A Nutritionist’s Take on Drinking Soft Drinks
It’s a hot summery day and nothing beats the heat than consuming a tall glass of soft soda drink to quench your thirst right? Well, all I can say as a Dietician and Nutritionist is apart from the occasional treat. ‘Don’t Drink It’! Since the 90’s ever since the two major soft drink companies Pepsi and Coke started hiring celebrities and embarked on major advertising campaigns, soft drink consumption in India has doubled for females and tripled for females. The highest consumption of soft drinks is for males between the ages of 12 – 30.
This huge increase in soft drink consumption is a direct consequence of the enormous profits that soft drink companies make. Coke has been consistently raising their goals year on year by 25%! To meet those goals, they have increased he size of the drinks from small glass bottles to large family-size PET containers. Fast food Restaurants and Pizza chains are also to blame by offering cheap deals along with their meals. The US ranks first in the world for soft drink consumption. Though India’s per capita consumption is low thanks to our large population, soft drink consumption is growing by leaps and bounds.
Let us examine the dangers of soft drink addiction and the long term harm and damage that they can cause to one’s health especially if they are consumed by children and teenagers who form the largest market for the cola and bottled beverage companies. The most commonly associated health risks are obesity, nutritional deficiencies, tooth decay, diabetes, osteoporosis and bone fractures, heart disease, food addictions, blood sugar disorders and other eating disorders, neurotransmitter dysfunction from chemical sweeteners and neurological and adrenal disorders from excessive caffeine.
Please consider the below facts the next time you reach out for a can of Pepsi, Coke or 7Up or let your kids drink it:
- If you have been trying hard and not been able to lose weight then the soft drinks may be the culprit. Researchers calculate that for every soft drink that you have, your risk for obesity increases 1. 6 times.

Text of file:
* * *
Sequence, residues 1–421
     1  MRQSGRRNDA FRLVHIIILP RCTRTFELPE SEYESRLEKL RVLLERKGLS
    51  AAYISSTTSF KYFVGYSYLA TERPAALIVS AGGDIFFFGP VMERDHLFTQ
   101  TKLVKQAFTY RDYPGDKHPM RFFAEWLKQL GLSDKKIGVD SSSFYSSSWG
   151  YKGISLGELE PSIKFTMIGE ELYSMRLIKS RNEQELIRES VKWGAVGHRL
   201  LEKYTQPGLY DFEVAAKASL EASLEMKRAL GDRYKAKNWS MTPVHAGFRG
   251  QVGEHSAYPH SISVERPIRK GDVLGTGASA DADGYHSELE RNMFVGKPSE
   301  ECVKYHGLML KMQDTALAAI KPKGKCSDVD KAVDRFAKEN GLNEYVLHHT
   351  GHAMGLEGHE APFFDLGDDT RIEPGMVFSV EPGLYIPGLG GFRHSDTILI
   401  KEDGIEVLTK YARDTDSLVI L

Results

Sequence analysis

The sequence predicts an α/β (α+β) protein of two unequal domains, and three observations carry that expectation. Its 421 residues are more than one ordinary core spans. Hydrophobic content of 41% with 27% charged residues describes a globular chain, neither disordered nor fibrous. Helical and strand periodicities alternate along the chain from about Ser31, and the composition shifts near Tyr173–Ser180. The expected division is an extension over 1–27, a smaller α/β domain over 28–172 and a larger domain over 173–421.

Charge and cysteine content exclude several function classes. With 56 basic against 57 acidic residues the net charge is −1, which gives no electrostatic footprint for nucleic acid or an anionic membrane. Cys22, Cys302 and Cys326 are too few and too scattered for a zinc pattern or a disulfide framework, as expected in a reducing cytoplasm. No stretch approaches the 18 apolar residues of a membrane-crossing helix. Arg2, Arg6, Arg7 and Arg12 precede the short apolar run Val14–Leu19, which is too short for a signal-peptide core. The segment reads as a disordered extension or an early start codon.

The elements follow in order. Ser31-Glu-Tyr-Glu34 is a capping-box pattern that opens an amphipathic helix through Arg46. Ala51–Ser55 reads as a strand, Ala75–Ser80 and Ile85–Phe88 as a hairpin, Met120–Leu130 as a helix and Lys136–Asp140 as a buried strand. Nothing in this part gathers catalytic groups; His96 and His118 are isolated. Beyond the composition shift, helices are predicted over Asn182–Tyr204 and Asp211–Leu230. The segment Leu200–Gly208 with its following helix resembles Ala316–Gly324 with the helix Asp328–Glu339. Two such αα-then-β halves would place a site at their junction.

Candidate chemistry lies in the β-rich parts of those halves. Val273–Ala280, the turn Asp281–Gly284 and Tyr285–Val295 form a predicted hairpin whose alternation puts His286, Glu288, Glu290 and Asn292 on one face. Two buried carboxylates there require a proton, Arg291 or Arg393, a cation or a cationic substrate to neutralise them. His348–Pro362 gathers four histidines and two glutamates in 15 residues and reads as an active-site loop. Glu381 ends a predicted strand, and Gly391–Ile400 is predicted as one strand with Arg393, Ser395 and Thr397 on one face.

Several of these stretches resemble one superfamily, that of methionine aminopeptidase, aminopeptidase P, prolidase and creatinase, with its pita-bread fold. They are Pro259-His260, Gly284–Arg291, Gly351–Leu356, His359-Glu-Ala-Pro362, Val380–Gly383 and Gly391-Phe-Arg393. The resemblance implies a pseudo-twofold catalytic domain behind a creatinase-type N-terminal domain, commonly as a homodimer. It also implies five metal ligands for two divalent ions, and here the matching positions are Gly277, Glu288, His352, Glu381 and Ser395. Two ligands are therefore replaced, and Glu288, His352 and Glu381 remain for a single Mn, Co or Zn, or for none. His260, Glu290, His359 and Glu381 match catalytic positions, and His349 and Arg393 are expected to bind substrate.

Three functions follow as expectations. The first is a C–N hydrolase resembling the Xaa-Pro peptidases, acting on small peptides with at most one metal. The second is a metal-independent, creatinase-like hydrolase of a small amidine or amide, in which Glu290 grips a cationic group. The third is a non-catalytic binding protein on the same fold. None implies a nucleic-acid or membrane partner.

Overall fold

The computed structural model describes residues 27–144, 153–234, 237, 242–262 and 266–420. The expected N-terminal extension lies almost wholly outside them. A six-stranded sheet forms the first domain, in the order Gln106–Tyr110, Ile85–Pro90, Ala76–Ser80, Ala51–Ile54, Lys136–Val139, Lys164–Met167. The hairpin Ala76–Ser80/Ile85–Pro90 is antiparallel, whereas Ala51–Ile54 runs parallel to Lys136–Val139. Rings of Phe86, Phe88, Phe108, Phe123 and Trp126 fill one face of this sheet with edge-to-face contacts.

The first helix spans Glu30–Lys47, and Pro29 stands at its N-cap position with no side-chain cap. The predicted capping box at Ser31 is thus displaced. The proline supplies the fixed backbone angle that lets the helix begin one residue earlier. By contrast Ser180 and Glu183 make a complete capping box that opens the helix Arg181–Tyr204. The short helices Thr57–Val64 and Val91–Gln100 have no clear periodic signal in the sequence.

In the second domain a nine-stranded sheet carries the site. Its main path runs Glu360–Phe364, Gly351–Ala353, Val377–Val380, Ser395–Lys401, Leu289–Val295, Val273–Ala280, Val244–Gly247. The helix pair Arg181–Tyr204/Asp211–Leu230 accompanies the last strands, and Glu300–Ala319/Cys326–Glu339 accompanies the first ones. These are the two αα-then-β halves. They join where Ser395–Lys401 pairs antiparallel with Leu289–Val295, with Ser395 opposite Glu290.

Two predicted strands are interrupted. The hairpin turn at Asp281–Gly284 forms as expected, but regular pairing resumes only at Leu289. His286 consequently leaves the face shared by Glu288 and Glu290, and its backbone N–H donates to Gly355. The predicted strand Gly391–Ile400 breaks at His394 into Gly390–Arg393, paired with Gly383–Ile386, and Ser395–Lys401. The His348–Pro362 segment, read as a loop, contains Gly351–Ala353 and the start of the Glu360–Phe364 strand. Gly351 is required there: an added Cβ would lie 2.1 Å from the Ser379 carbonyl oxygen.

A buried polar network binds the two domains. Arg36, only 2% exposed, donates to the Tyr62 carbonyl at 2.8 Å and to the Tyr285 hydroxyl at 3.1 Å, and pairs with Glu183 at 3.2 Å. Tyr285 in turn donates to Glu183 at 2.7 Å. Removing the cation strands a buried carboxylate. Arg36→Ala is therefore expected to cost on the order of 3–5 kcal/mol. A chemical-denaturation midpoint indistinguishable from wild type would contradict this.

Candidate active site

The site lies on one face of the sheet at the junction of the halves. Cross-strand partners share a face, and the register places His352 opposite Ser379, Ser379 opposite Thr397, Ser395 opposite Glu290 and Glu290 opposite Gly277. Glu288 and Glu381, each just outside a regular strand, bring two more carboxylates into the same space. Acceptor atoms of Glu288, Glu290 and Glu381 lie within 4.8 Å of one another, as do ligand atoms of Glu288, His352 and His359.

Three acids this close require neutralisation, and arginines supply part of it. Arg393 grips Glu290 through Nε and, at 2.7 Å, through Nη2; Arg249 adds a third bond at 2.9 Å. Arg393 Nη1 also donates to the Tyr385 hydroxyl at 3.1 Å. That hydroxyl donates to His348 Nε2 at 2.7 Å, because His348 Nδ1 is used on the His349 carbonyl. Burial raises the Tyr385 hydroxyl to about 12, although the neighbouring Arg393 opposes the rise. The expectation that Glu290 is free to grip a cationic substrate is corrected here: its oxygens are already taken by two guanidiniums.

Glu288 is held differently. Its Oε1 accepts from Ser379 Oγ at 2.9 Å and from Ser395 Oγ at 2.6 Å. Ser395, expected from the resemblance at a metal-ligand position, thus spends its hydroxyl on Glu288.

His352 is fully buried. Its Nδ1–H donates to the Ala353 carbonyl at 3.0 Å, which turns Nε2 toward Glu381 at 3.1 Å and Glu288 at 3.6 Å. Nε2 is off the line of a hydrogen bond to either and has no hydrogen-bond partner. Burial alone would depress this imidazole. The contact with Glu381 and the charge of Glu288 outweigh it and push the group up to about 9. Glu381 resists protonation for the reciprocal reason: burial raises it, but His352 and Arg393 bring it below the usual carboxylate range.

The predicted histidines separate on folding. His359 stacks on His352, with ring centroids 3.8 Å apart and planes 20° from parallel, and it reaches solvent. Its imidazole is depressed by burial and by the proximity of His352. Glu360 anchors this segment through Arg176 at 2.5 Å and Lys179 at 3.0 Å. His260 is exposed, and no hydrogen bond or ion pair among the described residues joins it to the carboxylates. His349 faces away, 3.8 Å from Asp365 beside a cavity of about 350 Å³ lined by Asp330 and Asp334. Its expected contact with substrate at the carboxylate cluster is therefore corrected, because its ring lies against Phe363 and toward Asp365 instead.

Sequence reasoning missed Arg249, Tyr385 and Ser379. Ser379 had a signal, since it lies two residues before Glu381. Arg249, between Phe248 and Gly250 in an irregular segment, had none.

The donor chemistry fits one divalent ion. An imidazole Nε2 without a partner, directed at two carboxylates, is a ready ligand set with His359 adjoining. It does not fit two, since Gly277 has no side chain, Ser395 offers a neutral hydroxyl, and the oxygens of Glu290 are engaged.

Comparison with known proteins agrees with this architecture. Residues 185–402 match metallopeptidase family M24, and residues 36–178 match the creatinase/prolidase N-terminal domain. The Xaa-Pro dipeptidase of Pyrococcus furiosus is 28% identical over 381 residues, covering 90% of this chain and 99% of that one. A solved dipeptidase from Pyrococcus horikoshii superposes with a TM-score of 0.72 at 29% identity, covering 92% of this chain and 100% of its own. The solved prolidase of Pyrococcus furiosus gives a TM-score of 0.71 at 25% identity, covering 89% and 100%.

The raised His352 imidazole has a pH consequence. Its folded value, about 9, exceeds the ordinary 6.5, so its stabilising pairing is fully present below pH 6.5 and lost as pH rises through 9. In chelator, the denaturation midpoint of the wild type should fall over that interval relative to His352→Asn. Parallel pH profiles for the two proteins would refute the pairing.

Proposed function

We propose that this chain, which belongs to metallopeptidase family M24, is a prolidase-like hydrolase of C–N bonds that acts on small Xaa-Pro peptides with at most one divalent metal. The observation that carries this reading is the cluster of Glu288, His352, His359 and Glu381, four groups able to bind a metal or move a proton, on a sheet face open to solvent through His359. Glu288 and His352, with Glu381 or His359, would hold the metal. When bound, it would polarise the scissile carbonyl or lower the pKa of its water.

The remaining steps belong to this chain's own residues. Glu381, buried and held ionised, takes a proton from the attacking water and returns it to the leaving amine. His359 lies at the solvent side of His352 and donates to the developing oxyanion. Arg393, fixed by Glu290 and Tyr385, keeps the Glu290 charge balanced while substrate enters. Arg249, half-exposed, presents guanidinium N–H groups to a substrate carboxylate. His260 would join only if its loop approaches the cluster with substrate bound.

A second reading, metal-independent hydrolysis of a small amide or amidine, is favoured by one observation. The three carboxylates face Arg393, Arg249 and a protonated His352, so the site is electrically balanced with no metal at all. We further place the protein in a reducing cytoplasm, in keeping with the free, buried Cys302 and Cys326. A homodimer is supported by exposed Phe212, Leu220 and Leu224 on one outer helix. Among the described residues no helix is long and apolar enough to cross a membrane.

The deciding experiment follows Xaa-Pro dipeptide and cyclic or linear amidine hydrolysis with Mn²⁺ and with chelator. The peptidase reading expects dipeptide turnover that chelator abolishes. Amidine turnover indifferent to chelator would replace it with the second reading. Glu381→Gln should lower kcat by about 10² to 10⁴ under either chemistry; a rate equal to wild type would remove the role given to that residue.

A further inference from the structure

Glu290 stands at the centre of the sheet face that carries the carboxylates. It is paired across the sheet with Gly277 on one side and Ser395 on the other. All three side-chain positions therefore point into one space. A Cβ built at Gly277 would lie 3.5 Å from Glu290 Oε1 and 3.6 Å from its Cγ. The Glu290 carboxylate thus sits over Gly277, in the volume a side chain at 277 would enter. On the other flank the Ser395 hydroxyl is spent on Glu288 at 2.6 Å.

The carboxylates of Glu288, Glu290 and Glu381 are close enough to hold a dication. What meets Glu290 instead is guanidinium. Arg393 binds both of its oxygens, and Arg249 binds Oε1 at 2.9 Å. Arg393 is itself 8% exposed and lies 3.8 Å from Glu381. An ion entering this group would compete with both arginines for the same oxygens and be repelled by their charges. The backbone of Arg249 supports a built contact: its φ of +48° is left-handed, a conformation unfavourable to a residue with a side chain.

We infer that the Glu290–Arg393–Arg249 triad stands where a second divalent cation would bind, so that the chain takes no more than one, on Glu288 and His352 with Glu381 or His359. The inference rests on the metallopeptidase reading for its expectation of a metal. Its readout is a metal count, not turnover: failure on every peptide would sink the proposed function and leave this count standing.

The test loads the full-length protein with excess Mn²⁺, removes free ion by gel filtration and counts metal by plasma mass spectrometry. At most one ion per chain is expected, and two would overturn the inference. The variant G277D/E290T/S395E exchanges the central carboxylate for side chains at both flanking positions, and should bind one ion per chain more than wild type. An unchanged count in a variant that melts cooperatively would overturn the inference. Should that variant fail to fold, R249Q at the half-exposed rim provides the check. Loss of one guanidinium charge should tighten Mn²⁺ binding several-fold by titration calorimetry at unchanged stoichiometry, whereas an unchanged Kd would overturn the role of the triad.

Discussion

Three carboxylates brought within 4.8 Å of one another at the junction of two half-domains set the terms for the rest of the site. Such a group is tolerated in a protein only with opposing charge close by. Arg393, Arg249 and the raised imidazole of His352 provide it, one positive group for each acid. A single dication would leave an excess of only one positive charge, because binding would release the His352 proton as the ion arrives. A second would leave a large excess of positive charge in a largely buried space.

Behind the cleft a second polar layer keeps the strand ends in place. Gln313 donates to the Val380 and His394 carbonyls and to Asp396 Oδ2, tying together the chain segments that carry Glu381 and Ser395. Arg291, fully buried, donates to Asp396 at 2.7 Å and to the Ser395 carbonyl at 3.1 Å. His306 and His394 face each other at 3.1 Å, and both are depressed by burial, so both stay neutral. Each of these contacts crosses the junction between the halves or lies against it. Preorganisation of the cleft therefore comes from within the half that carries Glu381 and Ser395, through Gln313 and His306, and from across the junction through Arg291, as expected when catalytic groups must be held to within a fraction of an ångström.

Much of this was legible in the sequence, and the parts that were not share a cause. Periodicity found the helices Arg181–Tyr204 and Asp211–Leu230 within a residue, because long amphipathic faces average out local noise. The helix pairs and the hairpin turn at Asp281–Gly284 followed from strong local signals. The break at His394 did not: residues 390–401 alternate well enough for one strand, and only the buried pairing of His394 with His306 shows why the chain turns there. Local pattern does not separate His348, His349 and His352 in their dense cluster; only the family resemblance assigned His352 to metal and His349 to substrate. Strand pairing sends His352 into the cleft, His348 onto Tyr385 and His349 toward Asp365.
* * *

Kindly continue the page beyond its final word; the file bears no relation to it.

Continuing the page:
- Drinking too much soft drinks can increase your risks for osteoporosis. Carbonated drinks are high in phosphates and contain zero calcium which leads to low calcium levels and higher phosphate levels in the blood.
- One can of Coke has 10 teaspoons of sugar. Look at it this way. If you were caught putting 10 sugars in a cup of water by your friends or family, wouldn’t they think you’ve gone mad! Think about this the next time you decide to go for a can of Coke or Pepsi.
- Consumption of high fructose corn syrup sweetened drinks is the number 1. cause of obesity among children.
- Diet Sodas that claim to be low in calories are high on sodium. Excess salt in your diet causes more calcium to be excreted in your urine and increases the risks of osteoporosis.
- Hyperactive children who have been diagnosed with ADHD may be actually suffering from nutritional deficiencies that can be easily corrected through dietary changes.
- Soft drinks are the no. 1 source of caffeine in the diets of children. A can of cola contains about 45 mg of caffeine but the amounts of caffeine in say Red Bull can exceed 100 mg – levels that are usually found in strong doses of espresso shots!
- Teenagers who consume excessive amounts of soft drinks have a 3 – 4 times higher risk of bone fractures than those who do not drink.
- Sugar and acid in soft drinks can easily dissolve tooth enamel.
- People who consume excessive amounts of soft drinks and other carbonated and fizzy beverages are harming themselves and putting themselves at risk for osteoporosis.
- Heavy soft drink consumption can interfere with your body’s metabolization of iron and diminish nerve impulse transmission.
- Cola drinks can interact adversely with antacids and cause constipation, loss of calcium, hypertension, nausea, headaches, and kidney damage.
- Drinking more than one carbonated beverage per day can increase your risk of developing cardiovascular disease.
A Nutritionist’s Advice
As a concerned Nutritionist, I always recommend to my clients that we must take control of our health by decreasing our consumption of junk food and carbonated drinks. Always drink 6 – 8 glasses of water every day for proper hydration. Hydration helps your internal organs to function well and helps to remove wastes and toxins from your body. Drinking plenty of water will also keep your skin elastic and supple and keep you looking younger for longer. Always remember that water is nature’s best and only way of quenching your thirst and keeping you in the pink of heath!
Came upon this wonderful recipe for ‘Sweet potato coconut oat cookies’ by Deryn – a runner and heath food blogger and who shares great vegan recipes. I love her recipes and if you are vegetarian you will too. Here’s the recipe for her Coconut Oat Cookies – http://runningonrealfood.com/sweet-potato-coconut-oat-cookies/